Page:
Russian Church Denies Denying: Patriarch Kirill says position on Armenian Genocide unchanged

Russian Church Denies Denying: Patriarch Kirill says position on Armenian Genocide unchanged


Their Holinesses Patriarch of Moscow and All Russia Kirill and Catholicos of All Armenians Karekin II laying flowers at the Genocide Memorial.(Archive)

In response to some angry reactions in Armenia to Russian Patriarch Kirill’s controversial comments on the treatment of Christians in the Empire, the Russian Orthodox Church has clarified that its supreme leader did not thereby deny the 1915 Armenian Genocide.

In a statement to Armenian media passed through a representative of the Armenian Apostolic Church a spokesman for Kirill gave assurances that the Russian Orthodox Church continues to believe that the World War I-era massacres of some 1.5 million Armenians constituted genocide.

In a January 7 interview to Russia’s state television Patriarch Kirill discussed the plight of shrinking Christian communities in the Middle East, describing the atrocities being committed by Islamist militants against Christians in the region as genocide.

He controversially said that “nothing similar to the current events had ever happened in the Islamic world.”
“Take, for example, the Turkish, Ottoman Empire. Yes, there were Christian minorities there but they were not exterminated,” Kirill said.

The remarks elicited angry reactions in Armenian social media and also prompted at least one political party to call on the Armenian government and church officials to seek clarification from the Russian side.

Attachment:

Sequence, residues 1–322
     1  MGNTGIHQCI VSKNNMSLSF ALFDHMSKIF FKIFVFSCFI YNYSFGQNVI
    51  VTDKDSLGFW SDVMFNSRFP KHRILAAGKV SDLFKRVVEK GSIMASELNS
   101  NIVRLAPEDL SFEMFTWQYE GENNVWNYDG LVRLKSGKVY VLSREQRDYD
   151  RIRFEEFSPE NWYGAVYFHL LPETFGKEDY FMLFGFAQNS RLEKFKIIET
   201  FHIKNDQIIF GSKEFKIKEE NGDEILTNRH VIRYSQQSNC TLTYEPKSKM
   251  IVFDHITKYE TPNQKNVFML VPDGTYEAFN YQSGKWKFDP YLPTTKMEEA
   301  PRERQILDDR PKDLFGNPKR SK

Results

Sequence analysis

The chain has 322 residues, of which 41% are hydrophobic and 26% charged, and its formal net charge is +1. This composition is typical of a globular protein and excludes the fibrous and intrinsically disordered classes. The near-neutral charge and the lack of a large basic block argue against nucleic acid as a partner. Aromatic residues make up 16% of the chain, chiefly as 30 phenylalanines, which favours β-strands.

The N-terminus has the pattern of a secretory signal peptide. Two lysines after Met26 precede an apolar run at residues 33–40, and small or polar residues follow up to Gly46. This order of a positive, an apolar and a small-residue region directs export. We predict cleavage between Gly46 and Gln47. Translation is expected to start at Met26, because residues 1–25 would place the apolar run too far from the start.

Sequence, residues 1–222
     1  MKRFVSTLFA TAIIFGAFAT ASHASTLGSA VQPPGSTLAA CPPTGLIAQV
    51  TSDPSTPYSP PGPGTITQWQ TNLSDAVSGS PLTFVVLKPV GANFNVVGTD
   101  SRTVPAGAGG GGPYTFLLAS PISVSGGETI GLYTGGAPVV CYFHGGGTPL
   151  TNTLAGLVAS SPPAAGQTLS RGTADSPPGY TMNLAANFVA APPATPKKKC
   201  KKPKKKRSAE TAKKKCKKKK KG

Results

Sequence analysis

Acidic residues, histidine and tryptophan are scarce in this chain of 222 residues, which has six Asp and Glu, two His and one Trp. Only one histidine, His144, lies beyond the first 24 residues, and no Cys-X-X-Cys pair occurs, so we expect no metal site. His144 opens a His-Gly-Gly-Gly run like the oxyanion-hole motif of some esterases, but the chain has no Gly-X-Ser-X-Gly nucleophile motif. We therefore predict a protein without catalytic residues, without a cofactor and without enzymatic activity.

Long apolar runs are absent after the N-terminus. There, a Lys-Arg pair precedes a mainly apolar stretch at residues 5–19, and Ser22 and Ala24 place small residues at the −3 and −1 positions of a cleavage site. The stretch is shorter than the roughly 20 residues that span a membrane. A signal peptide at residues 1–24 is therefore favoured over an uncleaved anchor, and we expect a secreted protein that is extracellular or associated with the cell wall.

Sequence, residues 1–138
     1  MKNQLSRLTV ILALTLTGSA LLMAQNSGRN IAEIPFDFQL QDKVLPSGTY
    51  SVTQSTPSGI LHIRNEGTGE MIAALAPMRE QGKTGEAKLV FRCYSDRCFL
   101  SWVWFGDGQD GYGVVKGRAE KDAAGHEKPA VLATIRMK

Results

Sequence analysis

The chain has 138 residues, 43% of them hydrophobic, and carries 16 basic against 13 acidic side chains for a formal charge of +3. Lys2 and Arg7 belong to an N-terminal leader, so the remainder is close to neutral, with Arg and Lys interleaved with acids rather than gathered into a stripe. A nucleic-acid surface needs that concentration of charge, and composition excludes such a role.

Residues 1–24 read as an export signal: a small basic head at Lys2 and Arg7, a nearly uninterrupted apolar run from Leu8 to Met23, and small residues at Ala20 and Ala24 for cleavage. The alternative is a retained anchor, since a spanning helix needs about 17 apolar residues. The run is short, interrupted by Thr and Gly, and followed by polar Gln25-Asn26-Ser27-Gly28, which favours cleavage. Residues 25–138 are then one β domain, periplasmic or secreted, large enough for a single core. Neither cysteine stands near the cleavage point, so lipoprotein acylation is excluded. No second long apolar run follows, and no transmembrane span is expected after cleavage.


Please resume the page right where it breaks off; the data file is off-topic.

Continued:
Rev. Vahram Melikyan, an Armenian Apostolic Church spokesperson at the Mother See of Holy Echmiadzin, later published a statement released to the Armenian media by Patriarch Kirill’s spokesman, Rev. Alexander Volkov.

Volkov insisted that in his remarks Kirill referred to only some periods of Ottoman history that saw “relative security and stability in the lives of religious minorities.”

“The absence of such order -- both in the Ottoman Empire 100 years ago and in contemporary Iraq, Syria and Libya -- always leads to tragic events,” he said. “The position of our Church on the Armenian genocide has been repeatedly and clearly expressed in numerous statements and messages of the Patriarch.”

High-level Russian Orthodox clerics took part in the 2015 events in Armenia that marked the centennial of the Armenian Genocide. Kirill himself prayed and laid flowers at the Tsitsernakaberd Memorial to Armenian Genocide victims in Yerevan when he visited Armenia back in 2010.